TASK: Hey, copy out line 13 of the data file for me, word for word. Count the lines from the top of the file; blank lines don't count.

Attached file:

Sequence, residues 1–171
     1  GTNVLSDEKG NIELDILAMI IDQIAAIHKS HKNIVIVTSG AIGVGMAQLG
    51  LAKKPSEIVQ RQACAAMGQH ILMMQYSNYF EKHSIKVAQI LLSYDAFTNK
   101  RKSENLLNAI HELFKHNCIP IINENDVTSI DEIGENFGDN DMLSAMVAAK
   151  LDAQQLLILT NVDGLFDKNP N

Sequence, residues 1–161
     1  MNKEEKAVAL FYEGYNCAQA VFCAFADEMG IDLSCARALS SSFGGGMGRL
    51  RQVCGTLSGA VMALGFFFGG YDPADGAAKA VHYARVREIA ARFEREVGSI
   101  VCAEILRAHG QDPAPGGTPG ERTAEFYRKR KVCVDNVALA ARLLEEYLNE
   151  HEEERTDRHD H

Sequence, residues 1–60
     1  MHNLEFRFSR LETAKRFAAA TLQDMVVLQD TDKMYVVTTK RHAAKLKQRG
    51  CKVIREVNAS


    51  CKVIREVNAS